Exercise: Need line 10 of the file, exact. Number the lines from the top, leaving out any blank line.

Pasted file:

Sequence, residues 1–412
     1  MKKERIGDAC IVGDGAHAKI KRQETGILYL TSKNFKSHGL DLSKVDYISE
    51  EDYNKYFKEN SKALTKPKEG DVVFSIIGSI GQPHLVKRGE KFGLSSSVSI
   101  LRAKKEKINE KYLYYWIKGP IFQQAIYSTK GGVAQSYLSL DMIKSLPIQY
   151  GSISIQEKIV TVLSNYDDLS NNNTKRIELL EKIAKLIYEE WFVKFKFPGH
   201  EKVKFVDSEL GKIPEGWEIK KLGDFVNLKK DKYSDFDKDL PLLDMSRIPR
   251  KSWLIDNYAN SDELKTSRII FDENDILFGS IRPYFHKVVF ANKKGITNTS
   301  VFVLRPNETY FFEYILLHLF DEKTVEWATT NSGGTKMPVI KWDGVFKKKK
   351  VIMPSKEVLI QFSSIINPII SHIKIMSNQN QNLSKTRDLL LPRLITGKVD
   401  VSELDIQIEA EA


   401  VSELDIQIEA EA